By now, you’ve probably been saving for your retirement for several years, and you might have amassed a few different workplace pension pots. Your 40s are a great time to take stock and start to plan for life beyond the workforce.


And if you haven’t already thought about your retirement plans, with roughly 28 years to go until you reach State Pension age, there is plenty of time to start saving and still achieve your financial goals.


Life expectancy continues to rise, a 65 year old man now has a 50% chance of living to 87, while a 65 year old woman has a 50% chance of living to 90, so you’ll need to consider how much you may need to save to fund a 30 year or longer retirement.


The midpoint of your career is the perfect time to look ahead

If you started working in your late teens or early twenties, you’re roughly halfway through your career, so it’s not too late to start saving for your chosen lifestyle in retirement. With life expectancy increasing year on year and the state pension age on the rise, there’s still time for you to build up a considerable pension pot, although the amount you’ll need to save monthly will be higher than if you had started saving sooner.


You can start to draw a private pension from age 55 (rising to 57 from 2028), so if your aim is to retire earlier than your state pension age, then you’ll need to pay in considerably more each month to achieve your financial goals by the time you leave the workforce.


Preparing for your retirement in your 40s

Your first step should be to work out how much pension income you’ll need in retirement in order to continue living your current lifestyle, or the lifestyle you would like to have:

  • Work out how much you’ll need to live on in retirement

Write down your yearly outgoings and factor in any additional expenses you expect to arise, such as increased utility bills and any hobbies or holidays you might like to take. Multiply this annual amount by thirty to get a rough idea how much you should be aiming to save.

  • Calculate how much pension income you might get

You can use the government’s retirement calculator to find out how much income you could receive from your state pension and any workplace or private pensions you may have.

  • Track down forgotten pension pots

If you’ve previously been enrolled in workplace pensions that haven’t been combined with your current pot, it’s worth hunting them down now, as every little helps and they may contain more than you expect.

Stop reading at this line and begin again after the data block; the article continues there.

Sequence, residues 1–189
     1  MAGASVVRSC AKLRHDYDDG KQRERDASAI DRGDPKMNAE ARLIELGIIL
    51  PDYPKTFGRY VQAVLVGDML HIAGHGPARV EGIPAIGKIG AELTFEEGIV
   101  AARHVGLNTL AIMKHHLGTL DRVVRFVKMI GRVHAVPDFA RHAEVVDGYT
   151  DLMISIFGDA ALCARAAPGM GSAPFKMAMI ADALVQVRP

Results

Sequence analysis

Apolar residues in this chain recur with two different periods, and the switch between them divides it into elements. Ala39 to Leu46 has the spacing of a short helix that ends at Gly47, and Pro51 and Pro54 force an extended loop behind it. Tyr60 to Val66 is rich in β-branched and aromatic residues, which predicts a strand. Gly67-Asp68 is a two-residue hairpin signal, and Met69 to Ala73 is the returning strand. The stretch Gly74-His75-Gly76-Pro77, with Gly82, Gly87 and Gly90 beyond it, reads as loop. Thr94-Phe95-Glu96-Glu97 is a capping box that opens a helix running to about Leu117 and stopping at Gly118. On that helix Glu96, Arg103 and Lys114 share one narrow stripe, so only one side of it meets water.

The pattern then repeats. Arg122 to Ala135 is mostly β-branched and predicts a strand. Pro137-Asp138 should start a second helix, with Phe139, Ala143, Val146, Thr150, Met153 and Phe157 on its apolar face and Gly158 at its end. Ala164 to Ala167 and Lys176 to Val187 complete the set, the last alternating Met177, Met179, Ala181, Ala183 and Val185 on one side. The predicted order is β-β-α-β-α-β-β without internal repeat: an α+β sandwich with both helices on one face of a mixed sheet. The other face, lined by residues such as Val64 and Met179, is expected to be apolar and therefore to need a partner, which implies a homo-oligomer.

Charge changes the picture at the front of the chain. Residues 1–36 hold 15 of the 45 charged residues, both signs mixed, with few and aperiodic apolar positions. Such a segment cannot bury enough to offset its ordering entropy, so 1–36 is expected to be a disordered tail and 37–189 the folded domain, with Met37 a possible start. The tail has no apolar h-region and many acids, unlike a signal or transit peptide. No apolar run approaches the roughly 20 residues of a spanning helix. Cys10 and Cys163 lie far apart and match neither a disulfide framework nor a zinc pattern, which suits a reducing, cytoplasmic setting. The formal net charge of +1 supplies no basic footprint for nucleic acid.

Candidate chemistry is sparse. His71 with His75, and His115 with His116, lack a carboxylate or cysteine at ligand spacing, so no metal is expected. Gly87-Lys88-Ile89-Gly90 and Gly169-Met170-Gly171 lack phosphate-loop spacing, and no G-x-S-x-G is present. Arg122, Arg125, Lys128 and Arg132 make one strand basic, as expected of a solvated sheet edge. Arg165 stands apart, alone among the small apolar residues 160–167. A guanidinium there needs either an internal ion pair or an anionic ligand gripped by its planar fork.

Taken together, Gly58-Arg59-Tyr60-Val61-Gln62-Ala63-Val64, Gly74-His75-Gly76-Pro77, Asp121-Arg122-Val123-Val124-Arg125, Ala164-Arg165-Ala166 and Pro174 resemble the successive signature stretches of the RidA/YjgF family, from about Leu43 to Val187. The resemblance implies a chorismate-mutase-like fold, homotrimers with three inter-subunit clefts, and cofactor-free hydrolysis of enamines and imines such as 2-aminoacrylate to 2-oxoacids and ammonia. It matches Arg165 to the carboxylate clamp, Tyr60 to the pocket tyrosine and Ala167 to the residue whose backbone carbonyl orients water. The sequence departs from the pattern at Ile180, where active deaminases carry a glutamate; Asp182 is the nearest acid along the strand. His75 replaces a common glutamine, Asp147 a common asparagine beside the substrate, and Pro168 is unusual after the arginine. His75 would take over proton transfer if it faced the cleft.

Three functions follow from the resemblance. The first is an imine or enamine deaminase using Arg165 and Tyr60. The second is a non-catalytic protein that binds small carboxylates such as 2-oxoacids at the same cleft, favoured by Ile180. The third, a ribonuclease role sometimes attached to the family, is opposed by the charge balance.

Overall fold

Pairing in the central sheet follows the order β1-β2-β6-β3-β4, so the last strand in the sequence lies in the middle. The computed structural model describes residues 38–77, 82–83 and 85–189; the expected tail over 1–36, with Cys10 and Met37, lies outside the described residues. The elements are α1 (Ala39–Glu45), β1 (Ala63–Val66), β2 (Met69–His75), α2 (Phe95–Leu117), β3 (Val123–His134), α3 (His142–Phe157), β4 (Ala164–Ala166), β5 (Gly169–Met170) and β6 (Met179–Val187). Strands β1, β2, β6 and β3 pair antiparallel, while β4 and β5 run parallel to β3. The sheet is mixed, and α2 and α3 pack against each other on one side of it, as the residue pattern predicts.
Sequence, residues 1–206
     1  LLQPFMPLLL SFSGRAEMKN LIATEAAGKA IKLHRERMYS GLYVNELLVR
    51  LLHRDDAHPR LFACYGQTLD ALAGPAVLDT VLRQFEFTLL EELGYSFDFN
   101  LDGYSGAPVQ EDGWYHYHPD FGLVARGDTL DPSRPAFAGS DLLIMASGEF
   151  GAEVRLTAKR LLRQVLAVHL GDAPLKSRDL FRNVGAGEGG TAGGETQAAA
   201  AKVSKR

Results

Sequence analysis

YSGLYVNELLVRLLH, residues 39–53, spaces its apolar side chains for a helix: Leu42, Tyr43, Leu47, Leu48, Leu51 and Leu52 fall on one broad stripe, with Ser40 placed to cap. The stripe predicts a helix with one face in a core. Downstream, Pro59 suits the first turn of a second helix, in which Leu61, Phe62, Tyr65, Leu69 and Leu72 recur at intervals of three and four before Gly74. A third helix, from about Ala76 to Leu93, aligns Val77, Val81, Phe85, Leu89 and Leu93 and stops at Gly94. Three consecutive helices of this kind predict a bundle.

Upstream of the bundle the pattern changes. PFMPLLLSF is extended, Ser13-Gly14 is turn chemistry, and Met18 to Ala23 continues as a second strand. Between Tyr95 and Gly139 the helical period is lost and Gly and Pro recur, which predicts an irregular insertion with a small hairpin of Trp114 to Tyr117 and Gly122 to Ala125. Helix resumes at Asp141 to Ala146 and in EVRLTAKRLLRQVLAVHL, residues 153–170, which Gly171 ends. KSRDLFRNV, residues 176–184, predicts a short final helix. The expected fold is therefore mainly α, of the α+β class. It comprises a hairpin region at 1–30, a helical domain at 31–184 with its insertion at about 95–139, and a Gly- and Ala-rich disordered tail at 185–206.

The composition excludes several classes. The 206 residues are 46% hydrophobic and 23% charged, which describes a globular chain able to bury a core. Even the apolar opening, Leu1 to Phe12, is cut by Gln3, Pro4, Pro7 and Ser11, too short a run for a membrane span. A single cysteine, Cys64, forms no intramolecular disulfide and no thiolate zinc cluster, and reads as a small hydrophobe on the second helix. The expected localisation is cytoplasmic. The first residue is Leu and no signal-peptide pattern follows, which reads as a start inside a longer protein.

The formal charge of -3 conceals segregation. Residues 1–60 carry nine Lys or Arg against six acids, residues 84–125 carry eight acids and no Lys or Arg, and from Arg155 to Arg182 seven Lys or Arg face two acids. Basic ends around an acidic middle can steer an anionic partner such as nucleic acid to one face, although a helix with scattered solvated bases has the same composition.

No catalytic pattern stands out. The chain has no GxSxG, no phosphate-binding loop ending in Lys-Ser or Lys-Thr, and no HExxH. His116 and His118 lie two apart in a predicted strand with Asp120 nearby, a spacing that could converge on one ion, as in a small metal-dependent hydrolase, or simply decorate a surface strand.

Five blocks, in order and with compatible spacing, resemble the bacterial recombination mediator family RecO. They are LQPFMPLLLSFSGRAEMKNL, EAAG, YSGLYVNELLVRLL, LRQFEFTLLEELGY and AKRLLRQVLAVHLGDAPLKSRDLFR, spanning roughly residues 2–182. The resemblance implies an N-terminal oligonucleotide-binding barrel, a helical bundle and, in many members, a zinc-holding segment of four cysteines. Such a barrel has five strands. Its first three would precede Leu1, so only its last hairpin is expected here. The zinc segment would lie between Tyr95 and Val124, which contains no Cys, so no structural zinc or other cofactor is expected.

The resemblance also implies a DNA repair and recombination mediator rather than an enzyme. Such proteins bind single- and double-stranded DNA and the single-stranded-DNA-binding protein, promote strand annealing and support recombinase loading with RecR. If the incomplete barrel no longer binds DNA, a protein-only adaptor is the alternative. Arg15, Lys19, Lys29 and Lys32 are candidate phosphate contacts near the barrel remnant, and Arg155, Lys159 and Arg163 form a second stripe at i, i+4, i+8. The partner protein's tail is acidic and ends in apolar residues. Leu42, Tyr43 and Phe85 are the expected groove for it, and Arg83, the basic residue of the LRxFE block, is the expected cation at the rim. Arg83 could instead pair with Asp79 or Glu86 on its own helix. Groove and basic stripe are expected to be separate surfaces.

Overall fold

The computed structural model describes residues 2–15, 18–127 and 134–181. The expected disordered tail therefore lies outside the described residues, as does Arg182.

Get clear on your financial goals

There’s likely to be a difference in what you’ve already saved in your pension and your target retirement income and this is where professional financial planning is invaluable.  At Knowles Warwick Financial Services we offer a Pension Review service:

  • Review and consolidate your current pensions

You should always seek financial advice when considering transferring pensions to ensure that there are no loss of benefits, incurred transfer costs or increase in charges.

  • Pension forecasting

Using cash flow modelling we can accurately forecast your pension income in real terms, i.e. factoring for inflation, so you can have confidence that the pension investments you’re making today, will be enough for tomorrow.

  • Identify under or overprovision

If there’s a difference between your retirement target and forecast we can help find ways of bridging the gap, by increasing investments or reducing current debt, while there’s still time.


Conversely, overproviding for your pension is also an issue.  If we establish that you’re already on track to meet your retirement target, it will give you the peace of mind to continue with your current lifestyle without making unnecessary sacrifices.


Get in touch to discuss your existing pension provisions and to receive impartial financial advice – our clients agree, it’s one of the most valuable services we offer.


“Thank you so very much for completing this work. I’m not sure if you can put a value on peace of mind, but if you can then I have to say that was probably the best money I’ve ever spent.”

A.W. 18/04/2019


Remember that the value of investments can fall as well as rise, so you may get back less than you invest. This information is not a personal recommendation for any particular product, service or course of action.